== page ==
in Fairfield Business Mix:
Business leaders share their
(Appeared on front page of
Fairfield Sun 4/28)
By Mike Lauterborn
© 2011. All Rights Reserved.
Fairfield, CT – A challenging economy has had its effect on Fairfield, but local business owners remain steadfast and say the climate is becoming more positive. Fairfield Chamber of Commerce President and CEO Patricia Ritchie shares their hopeful outlook though expressed concern about the shift in the business mix over the last few years. The Sun captured their respective viewpoints in recent meetings in the downtown center.
The helicopter view
It was August 2001 when Ritchie started with the Chamber. “It was an extremely challenging time to take the reins of an association that focuses on business, given the events of 9/11 that would occur just four weeks later,” she said. “No one’s mind was on business. I remember we had a big town-wide event planned, called Celebrate Fairfield, and had to cancel it. People were coming out of the city on the Metro North train covered with ash, looking zombie-like and trying to make their way home. My daughter, who lived in the East Village, called me that day saying, ‘The city is on fire’. She had small children in the schools there. It was a horrible day.”
Though 9/11 was certainly a troubling event, Fairfield, at the time of Ritchie’s hire, was at the outset of a downtown renaissance. “The Fairfield Dept. Store had sat idle, then was razed, and the Borders complex was being established,” she said. “It helped buoy the local economy and made people forget what was going on in the world around them. Other businesses were attracted, which continued to spur an upswing.”
At the same time, the success of the retail environment precluded the mom-and-pop stores, which could not afford the new rental costs and gradually began to disappear. “This was an expected, though unfortunate, result of the trend,” said Ritchie. “There was a sudden arrival of national stores like Chico’s, The Gap, Victoria’s Secret and more, which found the local demographic attractive. And not only retailers arrived, but restaurants, too. Why? Because now you had a complete environment where one could shop, dine, stroll, sit in a park, look at art, sip coffee. It was becoming what a downtown area should be to be sustainable.”
Over the last couple of years, that balance has begun to shift according to Ritchie. “Former retail space may now house a real estate agent, dentist, insurance company or investment firm,” she said. “Rental costs have become prohibitive for many. Wall Street’s tumble also had a significant effect on the spending habits of Fairfield residents, many of whom are employed in the financial industry.”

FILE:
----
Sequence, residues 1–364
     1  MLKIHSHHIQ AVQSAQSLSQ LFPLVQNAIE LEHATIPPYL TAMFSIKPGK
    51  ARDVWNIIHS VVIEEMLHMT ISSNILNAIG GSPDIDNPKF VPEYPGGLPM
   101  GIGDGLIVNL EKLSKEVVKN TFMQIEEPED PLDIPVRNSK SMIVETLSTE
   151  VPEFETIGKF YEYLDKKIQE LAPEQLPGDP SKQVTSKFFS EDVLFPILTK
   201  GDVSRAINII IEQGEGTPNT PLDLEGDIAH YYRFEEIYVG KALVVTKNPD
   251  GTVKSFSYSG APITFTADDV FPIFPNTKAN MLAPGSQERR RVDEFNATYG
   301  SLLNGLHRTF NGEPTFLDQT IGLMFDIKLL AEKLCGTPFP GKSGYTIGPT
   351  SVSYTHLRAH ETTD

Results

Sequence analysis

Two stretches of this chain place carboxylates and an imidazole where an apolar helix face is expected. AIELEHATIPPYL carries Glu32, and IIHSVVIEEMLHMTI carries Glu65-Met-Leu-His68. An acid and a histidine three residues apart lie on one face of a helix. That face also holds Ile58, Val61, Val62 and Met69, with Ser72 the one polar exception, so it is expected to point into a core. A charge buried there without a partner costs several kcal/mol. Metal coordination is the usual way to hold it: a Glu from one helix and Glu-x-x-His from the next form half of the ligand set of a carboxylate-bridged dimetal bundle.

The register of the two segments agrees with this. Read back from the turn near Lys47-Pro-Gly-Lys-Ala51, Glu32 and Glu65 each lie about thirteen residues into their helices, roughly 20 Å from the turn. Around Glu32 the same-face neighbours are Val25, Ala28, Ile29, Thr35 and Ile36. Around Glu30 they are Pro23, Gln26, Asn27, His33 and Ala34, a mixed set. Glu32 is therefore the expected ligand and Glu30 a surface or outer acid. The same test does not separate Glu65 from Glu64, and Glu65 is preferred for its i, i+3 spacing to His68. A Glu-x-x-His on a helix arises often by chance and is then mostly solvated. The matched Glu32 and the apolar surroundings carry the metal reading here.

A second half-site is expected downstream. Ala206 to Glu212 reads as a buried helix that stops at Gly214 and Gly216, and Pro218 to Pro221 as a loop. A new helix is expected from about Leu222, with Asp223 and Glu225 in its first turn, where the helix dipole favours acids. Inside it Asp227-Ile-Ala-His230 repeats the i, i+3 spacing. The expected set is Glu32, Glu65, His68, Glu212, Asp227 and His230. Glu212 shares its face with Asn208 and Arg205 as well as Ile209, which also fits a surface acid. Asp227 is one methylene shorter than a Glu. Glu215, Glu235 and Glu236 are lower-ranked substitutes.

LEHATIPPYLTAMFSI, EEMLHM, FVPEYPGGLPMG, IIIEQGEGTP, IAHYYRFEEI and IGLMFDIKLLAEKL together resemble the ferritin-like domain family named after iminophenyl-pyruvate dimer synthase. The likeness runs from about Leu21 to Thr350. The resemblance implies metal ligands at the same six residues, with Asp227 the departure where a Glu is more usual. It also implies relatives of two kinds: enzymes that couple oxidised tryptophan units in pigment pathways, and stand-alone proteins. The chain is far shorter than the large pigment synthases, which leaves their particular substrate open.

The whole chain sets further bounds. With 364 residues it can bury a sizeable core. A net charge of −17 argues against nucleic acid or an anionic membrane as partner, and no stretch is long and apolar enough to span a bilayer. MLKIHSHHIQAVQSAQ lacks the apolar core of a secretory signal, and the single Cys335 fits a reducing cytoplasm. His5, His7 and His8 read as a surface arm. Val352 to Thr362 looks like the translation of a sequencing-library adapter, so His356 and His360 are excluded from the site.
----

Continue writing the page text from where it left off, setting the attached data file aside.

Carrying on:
Ritchie said the Chamber can’t fix Wall Street but it can advocate for small business people. “They need our representation not only on the local level but state and federal level, too,” she said. “On the local level, we are most effective of course. We’re all about small business, and can offer people the opportunity to network, advertise, and participate in expos and leads groups. We also feature a long-standing banner campaign drilling home the mantra ‘Shop Local’ and support businesses who support local causes with their donations.”
Chamber-sponsored events like the recent Spring Fling also help spur business, said Ritchie. “That’s our premiere networking event, open to the public,” she said. “It’s an opportunity to eat, drink, be merry and do your five-minute elevator speech. It gets you in touch with business people and the community at large.”
Ritchie said the Chamber’s product is opportunity. “If you’re going to join, and don’t participate, you’re wasting your membership money,” she said. “I encourage members to pick one thing to get behind – business after hours with wine and hors d’oeuvres, for instance. Putting your face out there so people remember you and interact with you is important. People want to do business with people they know and like.”
Ritchie has a positive view about Fairfield’s business future. “What goes down, must come back up, especially in a town like Fairfield,” she said. “We’ve got the best schools, beautiful beaches, good shopping, accessible transportation. It’s just a fabulous location. Border’s closing was certainly a shock. I thought Fairfield was safe. It will leave a huge void unless Ken Kleban, the landlord, has something up his sleeve that he hasn’t divulged yet. It will be interesting to see what emerges. I hope it’s retail.”
A newcomer’s outlook